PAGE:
Justice Bernard Teague, who presided over the Bushfires Royal Commission, has been a staunch bow tie advocate. Photo: Rebecca Hallas
Controversially, I quite like wearing ties. In fact, if I were asked what I thought was the most useful thing I learnt during high school, my response would be that it was learning how to correctly tie a Full Windsor.
But if I was going to be completely honest this is probably because learning how to tie a tie is the only thing that I can actually remember from my high school days with any real clarity.
Recently, however, I thought I'd branch out and try something new. So I invested in a bow-tie. Forgetting the fact that even after an hour of practicing the knot it still looked like a misshapen gift ribbon, I was confident enough in my choice to leave the house and head to work.
Considering that, thanks to Messer's Tom Ford, Nickelson Wooster and Ed Westwick the bow-tie has received a recent boost in image and public acceptance, I thought I was going to be hailed for my sartorial savviness.
To say that it went down like Brynne Edelsten on Celebrity Splash would be a complete understatement. Whilst most of the ribbing was in good nature (although if Pretty Penguin catches on as a nickname I'd be tempted to change cities) it did get me thinking whether or not bow-ties really are better left for the likes of Jerry Lewis and characters from Glee.
Author of the book Dress for Success and the man responsible for the idea of 'power dressing', John T. Molloy, is quite clear on the topic. “If you wear a bow-tie,” he writes, “you will never be taken seriously and no-one will trust you with important business.” Harsh.
Yet whilst this was written back in 1975, it doesn't appear as though this opinion has much changed. Particularly from within the ranks of the office.
“For me, personally, I would absolutely never consider wearing a bow-tie in the workplace,” says Benjamin Smith from finance company, Summit Consulting. “I feel that they look ridiculous and just a little bit old fashioned. Nor would I feel comfortable sending a staff member to a meeting with a client who was wearing one. To me, this just doesn't seem like professional attire.”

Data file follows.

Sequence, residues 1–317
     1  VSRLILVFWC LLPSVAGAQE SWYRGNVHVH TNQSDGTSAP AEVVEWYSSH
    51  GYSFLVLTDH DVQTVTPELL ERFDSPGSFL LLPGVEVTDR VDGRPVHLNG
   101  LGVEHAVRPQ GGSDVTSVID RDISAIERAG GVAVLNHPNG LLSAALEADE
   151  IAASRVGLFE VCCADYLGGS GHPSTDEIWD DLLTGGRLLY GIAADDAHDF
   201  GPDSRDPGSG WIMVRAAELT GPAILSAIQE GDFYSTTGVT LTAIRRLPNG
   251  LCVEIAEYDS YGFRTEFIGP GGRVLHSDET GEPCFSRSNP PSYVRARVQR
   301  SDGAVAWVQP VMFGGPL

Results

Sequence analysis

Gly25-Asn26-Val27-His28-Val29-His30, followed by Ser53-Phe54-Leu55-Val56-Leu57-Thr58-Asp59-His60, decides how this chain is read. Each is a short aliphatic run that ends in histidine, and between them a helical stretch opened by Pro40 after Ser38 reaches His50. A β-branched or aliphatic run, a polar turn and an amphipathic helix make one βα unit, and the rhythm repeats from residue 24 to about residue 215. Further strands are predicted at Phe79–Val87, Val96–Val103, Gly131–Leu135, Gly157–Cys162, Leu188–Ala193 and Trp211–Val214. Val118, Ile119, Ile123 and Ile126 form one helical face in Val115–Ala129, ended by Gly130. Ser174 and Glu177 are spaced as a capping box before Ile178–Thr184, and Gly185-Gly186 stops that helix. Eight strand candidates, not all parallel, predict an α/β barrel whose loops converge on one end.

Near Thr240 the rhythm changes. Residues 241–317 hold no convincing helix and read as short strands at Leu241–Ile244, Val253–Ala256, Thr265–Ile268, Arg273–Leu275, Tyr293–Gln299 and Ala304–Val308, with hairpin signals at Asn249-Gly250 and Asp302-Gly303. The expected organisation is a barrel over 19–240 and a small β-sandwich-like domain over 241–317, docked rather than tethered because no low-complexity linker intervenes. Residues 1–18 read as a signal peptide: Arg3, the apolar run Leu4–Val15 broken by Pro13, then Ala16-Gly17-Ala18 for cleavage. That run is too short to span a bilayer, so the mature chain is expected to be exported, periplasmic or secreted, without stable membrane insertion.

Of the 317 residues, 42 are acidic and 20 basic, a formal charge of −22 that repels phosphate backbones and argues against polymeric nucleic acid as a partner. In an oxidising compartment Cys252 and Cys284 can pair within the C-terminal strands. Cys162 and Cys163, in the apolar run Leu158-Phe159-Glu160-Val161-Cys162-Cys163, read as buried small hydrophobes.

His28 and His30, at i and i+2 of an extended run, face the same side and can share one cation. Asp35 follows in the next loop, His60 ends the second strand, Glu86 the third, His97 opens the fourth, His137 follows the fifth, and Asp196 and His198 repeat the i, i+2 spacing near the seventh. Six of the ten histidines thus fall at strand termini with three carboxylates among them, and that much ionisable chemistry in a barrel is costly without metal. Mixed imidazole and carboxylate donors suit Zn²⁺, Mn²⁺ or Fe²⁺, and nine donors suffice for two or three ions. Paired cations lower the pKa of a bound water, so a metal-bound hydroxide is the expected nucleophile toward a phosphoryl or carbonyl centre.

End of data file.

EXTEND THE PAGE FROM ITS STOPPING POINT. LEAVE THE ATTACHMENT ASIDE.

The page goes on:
Ironically, bowties were in fact the original 'professional's' attire, traditionally being worn by professors, architects, attorneys and even politicians having been descended from the more formal cravat. But somewhere along the line, these once-noble pieces of male attire became synonymous with the socially awkward and just plain odd, à la Pee-wee Herman and Mad Men's Bertram Cooper.
Yet, unlike other more staid forms of fashion such as the top-hat and coattails, bow-ties seem to have somehow managed to remain a viable option for the male wardrobe. If you have the courage for it.
“Fortunately, I have a fairly liberal workplace,” says Daniel Stone from communications group Manic Studios in Sydney. “I tend to wear one when everything has become a little dull, or when the situation could be shaken up a little. Sure it's a little weird, but when I'm wearing one I feel like I'm an unpopular electric eel set in a pond of catfish.”
Personally, I'm all for options and thankfully I work in an industry that provides me a certain amount of leeway to exercise those options. And whilst there is still a lingering sentiment towards bow-ties as the call-sign for the odd-man-of-the-office, I wouldn't discount them altogether as a viable alternative to that striped tie you've worn for the past three years because in the words of writer Steven Moffat: “See the bowtie? I wear it and I don't care. That's why it's cool.”
What do you think of bow-ties? Should they be worn in the workplace?